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Hidden Figures: The American Dream and the Untold Story of the Black Women Mathematicians Who Helped Win the Space Race - Margot Lee Shetterly
Hidden Figures: The American Dream and the Untold Story of the Black Women Mathematicians Who Helped Win the Space Race
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The phenomenal true story of the black female mathematicians at NASA whose calculations helped fuel some of America’s greatest achievements in space. Soon to be a major motion picture starring Taraji P. Henson, Octavia Spencer, Janelle Monae, Kirsten Dunst, and Kevin Costner. Before John Glenn... show more
The phenomenal true story of the black female mathematicians at NASA whose calculations helped fuel some of America’s greatest achievements in space. Soon to be a major motion picture starring Taraji P. Henson, Octavia Spencer, Janelle Monae, Kirsten Dunst, and Kevin Costner. Before John Glenn orbited the earth, or Neil Armstrong walked on the moon, a group of dedicated female mathematicians known as “human computers” used pencils, slide rules and adding machines to calculate the numbers that would launch rockets, and astronauts, into space. Among these problem-solvers were a group of exceptionally talented African American women, some of the brightest minds of their generation. Originally relegated to teaching math in the South’s segregated public schools, they were called into service during the labor shortages of World War II, when America’s aeronautics industry was in dire need of anyone who had the right stuff. Suddenly, these overlooked math whizzes had a shot at jobs worthy of their skills, and they answered Uncle Sam’s call, moving to Hampton, Virginia and the fascinating, high-energy world of the Langley Memorial Aeronautical Laboratory. Even as Virginia’s Jim Crow laws required them to be segregated from their white counterparts, the women of Langley’s all-black “West Computing” group helped America achieve one of the things it desired most: a decisive victory over the Soviet Union in the Cold War, and complete domination of the heavens. Starting in World War II and moving through to the Cold War, the Civil Rights Movement and the Space Race, Hidden Figures follows the interwoven accounts of Dorothy Vaughan, Mary Jackson, Katherine Johnson and Christine Darden, four African American women who participated in some of NASA’s greatest successes. It chronicles their careers over nearly three decades they faced challenges, forged alliances and used their intellect to change their own lives, and their country’s future.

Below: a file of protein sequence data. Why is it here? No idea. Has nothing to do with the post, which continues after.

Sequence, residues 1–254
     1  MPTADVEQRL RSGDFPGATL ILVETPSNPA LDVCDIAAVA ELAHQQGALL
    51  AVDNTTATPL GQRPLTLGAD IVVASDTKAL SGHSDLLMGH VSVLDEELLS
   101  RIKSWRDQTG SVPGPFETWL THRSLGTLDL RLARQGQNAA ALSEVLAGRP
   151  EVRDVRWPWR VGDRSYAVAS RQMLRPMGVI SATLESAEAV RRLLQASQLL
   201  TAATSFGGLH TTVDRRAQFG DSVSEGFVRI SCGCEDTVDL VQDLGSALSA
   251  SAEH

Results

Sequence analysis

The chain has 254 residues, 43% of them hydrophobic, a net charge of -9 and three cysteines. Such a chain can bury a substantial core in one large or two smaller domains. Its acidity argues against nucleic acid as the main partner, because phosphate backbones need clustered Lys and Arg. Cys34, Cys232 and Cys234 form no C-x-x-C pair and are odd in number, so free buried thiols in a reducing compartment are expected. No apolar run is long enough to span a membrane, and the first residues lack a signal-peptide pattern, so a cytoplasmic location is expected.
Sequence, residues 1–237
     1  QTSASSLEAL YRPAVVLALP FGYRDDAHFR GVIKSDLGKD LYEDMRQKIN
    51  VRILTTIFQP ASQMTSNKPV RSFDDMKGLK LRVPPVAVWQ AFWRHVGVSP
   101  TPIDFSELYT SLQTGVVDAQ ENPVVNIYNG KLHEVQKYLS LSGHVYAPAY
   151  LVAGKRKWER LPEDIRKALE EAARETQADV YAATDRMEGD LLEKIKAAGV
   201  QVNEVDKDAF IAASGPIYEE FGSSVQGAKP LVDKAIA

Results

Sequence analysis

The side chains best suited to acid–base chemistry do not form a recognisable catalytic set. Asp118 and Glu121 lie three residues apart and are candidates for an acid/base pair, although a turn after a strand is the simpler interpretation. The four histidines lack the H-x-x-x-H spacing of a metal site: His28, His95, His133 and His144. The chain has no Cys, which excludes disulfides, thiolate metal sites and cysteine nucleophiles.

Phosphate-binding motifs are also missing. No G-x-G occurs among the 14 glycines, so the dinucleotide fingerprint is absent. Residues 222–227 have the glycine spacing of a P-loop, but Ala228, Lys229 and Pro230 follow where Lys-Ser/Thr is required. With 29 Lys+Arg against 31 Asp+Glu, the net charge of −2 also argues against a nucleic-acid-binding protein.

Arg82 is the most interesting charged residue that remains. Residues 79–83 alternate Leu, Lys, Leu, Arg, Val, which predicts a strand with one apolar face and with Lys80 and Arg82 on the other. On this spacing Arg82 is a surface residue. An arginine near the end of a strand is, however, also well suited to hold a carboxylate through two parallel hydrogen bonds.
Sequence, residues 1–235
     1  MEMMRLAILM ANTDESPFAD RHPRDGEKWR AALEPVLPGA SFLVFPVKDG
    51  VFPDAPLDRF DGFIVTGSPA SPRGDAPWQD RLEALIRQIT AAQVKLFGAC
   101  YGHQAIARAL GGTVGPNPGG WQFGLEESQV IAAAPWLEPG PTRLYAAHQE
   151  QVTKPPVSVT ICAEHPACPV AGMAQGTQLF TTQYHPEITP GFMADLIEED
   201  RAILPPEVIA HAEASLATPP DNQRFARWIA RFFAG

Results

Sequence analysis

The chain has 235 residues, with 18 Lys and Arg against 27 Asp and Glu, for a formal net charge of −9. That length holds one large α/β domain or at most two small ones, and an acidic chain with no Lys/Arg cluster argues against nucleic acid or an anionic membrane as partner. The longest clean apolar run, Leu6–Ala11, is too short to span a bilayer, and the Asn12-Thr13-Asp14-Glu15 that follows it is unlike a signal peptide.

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Format: Hardcover
ISBN: 9780062363596 (006236359X)
ASIN: 006236359X
Publisher: William Morrow
Pages no: 368
Edition language: English
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Community Reviews
JL's Bibliomania
JL's Bibliomania rated it
3.5 Hidden Figures
Hidden Figures tells the story of the role that women “computers,” particularly female African-American “computers” played in the birth of the aeronautics industry. This is an important story, a story that should have been better known a long time ago, especially considering how important race and ...
Feminism in Cold Storage
Feminism in Cold Storage rated it
5.0 Hidden Figures
I am so glad that I read this after seeing the movie. I loved the movie, but it's a drop in the bucket compared to the lifetime of achievement of the women featured in the movie plus there are more women mentioned in the book whose accomplishments aren't evident in the film. It's an amazing story an...
Sassafrass
Sassafrass rated it
5.0 I have no words. I HAVE NO WORDS!
Hidden Figures: The American Dream and the Untold Story of the Black Women Mathematicians Who Helped Win the Space Race - Margot Lee Shetterly Well, I actually do have words, but I am in such awe of this story. This story that was completely unknown to me...a woman of science. I am so inspired ...
Reading in Purple
Reading in Purple rated it
5.0 At last, credit where credit is due
It has been a really long road for women, black women in particular, to get to where we are today. Don't try to argue and fight with me over this, either, it's written in enough history books just how much discrimination there was (and still is) on the basis of gender/sex, race, ethnicity, and natio...
Sheila's Reads
Sheila's Reads rated it
4.0 HIDDEN FIGURES by Margot Lee Shetterly
Not what I expected but I enjoyed it. I thought it would only be the story of the women but it was also a cultural/societal history of the times of segregation and integration. I learned a lot. I admire these women. They were geniuses. I could not have done what they did. The story was well wr...
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